Explosive violence in Ukraine

Will Mariupol be a turning point in Ukraine’s explosive crisis?

A busy road becomes the scene of sudden carnage.

An unsuspecting driver yells in panic as a rocket falls from nowhere, obliterating the lorry barely 50 metres up the road.

Smoke fills the screen amid further blasts, and the car slams into reverse to escape the heavy shelling.

The video did warn that viewers may be distressed, but it is still a shock to see the rockets thunder down on the Ukrainian city of Mariupol this weekend.

30 people were killed and another 100 injured in the attack on Saturday morning. It was one of the deadliest incidents in the conflict between Ukrainian armed forces and separatist fighters, in which there has been heavy explosive violence since May 2014.

At least 19 rockets fell across a wide area, measuring at least 1.6km by 1.1km and spanning several city blocks. They landed among an open market, a school, and damaged 67 buildings including 14 homes, either side of Olimpiiska Street which runs through the densely-populated eastern district.

‘Notorious’ GRAD

The wide area coverage, and the high number of munitions that fell in just 35 seconds, suggest the work of the notorious Grad and Urugan rocket systems. Appropriately enough considering the video of Saturday’s attack, the name ‘Grad’ means ‘Hail’ in Russian, where the system was first developed, while ‘Urugan’ translates to ‘Hurricane’. Evocative names that suggest a storm of great power but little direction or control. They hardly sound like weapons that can be safely used in areas where civilians are known to be concentrated.

AOAV has previously profiled the Grad in Syria, where it has been one of the worst and most destructive weapons in wide deployment in the civil war there. The Grad can fire a salvo of up to 40 unguided, high explosive rockets in less than 20 seconds. Each rocket is almost three metres long and weighs about as much as an average man.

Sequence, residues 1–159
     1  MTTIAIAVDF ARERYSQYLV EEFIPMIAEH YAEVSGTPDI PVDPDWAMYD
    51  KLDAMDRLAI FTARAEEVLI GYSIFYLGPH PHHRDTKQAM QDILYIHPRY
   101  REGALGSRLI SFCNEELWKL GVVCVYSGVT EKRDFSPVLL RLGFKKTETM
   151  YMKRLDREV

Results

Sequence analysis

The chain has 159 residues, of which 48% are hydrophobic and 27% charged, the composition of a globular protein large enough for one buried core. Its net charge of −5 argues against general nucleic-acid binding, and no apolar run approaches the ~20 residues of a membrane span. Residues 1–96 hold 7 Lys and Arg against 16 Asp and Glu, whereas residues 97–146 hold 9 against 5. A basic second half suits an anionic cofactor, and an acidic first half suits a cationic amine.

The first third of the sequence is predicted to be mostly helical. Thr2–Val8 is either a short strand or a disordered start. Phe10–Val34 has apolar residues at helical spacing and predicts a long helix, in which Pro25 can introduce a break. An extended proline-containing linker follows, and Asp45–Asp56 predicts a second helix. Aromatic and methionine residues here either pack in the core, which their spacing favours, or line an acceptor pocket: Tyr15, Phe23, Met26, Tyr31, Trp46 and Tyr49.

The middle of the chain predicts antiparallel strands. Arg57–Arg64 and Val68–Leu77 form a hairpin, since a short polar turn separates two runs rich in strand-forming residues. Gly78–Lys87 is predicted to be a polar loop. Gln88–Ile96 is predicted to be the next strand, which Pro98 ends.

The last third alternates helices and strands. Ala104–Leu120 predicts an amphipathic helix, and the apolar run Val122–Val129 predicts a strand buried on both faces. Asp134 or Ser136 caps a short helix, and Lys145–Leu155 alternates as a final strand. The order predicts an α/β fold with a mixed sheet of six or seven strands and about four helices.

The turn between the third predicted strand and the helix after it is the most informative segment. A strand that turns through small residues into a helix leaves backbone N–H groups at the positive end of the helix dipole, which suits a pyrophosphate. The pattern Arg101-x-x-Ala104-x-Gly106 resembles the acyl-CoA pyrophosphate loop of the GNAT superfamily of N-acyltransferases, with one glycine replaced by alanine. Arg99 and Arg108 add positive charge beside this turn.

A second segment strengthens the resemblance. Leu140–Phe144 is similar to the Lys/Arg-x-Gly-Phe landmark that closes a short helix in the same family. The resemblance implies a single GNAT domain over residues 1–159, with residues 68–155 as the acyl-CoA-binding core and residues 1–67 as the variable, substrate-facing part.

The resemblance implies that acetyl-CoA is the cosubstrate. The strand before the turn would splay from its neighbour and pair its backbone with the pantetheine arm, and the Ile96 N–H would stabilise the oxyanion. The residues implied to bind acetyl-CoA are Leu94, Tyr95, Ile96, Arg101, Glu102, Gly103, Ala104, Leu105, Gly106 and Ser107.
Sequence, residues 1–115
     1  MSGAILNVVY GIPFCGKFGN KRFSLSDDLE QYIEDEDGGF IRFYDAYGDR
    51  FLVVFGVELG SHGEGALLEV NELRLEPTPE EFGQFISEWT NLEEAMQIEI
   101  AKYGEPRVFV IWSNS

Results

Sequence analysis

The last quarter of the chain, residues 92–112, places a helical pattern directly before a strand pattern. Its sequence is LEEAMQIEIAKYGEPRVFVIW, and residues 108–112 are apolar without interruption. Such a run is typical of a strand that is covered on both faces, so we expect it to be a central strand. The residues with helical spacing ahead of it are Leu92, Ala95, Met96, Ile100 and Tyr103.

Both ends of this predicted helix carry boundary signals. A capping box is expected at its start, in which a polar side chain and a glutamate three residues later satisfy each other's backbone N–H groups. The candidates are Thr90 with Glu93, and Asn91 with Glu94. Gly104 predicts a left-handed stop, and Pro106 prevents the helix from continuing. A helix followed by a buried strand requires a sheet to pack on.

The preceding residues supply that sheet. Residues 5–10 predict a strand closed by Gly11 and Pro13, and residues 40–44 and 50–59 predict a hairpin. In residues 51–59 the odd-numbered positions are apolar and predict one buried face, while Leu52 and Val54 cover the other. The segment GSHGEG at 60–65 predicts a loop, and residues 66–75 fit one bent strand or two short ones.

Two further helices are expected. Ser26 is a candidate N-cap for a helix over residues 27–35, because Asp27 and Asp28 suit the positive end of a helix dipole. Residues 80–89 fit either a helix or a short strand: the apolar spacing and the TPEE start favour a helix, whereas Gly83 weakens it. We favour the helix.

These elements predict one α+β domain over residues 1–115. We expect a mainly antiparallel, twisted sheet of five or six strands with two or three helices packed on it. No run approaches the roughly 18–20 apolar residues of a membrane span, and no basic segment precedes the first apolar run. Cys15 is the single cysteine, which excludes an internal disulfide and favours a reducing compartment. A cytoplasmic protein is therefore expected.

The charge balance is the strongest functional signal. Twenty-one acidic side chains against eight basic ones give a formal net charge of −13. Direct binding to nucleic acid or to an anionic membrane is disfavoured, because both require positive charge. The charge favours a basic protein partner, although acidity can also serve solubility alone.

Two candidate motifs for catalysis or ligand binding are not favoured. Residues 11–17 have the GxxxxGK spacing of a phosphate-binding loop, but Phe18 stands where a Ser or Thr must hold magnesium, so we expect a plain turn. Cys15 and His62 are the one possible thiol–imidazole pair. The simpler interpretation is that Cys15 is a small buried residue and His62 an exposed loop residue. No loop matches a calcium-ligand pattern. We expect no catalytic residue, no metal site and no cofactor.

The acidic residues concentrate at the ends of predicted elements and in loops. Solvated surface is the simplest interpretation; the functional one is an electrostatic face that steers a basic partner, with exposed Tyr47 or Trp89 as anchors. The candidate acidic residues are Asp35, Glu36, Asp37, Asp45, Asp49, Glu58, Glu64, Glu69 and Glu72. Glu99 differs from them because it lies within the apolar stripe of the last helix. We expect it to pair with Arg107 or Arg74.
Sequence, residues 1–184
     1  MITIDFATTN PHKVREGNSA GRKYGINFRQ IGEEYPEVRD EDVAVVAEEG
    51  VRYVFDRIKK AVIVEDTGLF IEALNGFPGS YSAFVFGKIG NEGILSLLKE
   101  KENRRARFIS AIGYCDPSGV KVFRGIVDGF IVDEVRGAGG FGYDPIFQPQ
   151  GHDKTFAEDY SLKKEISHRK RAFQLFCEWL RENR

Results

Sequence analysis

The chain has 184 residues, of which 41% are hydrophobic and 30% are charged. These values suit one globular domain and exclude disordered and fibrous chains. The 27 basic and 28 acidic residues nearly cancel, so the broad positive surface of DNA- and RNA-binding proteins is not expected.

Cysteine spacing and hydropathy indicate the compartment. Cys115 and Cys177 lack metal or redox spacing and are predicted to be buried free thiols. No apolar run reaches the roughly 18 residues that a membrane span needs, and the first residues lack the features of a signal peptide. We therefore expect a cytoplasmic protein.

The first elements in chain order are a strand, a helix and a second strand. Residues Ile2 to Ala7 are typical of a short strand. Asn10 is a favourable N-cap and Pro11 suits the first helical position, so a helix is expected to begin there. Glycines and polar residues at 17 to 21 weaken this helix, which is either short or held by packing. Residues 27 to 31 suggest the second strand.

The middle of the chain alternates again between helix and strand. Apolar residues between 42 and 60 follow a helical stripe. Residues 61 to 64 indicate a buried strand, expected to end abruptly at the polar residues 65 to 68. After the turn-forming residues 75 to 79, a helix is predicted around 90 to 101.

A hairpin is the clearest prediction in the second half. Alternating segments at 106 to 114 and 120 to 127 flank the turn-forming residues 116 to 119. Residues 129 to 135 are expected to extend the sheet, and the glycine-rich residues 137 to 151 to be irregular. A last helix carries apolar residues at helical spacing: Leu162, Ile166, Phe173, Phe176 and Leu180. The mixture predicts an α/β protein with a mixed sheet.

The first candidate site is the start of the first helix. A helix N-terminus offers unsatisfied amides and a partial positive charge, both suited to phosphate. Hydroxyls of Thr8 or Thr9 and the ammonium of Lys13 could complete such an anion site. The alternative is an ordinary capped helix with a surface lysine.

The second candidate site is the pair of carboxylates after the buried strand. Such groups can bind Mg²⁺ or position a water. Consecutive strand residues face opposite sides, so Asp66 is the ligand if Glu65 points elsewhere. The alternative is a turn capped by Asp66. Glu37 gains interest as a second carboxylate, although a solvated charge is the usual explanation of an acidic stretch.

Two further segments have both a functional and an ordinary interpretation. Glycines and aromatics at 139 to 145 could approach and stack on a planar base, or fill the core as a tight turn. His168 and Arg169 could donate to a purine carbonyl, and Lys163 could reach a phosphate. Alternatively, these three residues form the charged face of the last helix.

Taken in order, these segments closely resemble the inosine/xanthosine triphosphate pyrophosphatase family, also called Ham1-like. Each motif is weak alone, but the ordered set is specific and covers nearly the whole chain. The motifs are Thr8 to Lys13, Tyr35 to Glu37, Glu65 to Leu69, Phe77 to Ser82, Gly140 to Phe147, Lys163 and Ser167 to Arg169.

They cannot be targeted accurately. They aren’t designed to be. They are intended to saturate a wide area with explosive force. They have no place being used in or near a populated area.

Mariupol is a blunt and brutal demonstration of what happens when they are.

Ole Solvang of HRW, tweets a map of Grad impact sites in Mariupol, 24 Jan 2015 Copyright Human Rights Watch

Ole Solvang of HRW, tweets a map of Grad impact sites in Mariupol, 24 Jan 2015 Copyright Human Rights Watch

Heavy explosive weapons

The attack in Mariupol looks to have been carried out by heavily-armed separatists operating in the area. The epicentre of the barrage is just 400 metres from a Ukrainian Armed Forces checkpoint, and independent investigators on the ground believe that the range and direction of the rocket fire suggests that the attack came from the east, in rebel-controlled territory.

Grads have played a terrible role in the conflict in eastern Ukraine, where they have been repeatedly used by both government forces and rebel militias to attack locations in densely-populated areas, putting civilians at great risk of death and injury. Mariupol, on the south-east coast of the country, had largely escaped the worst of the fighting in the last year, but Grads have periodically pummelled the flashpoint provinces of Donetsk and Lugansk since July 2014.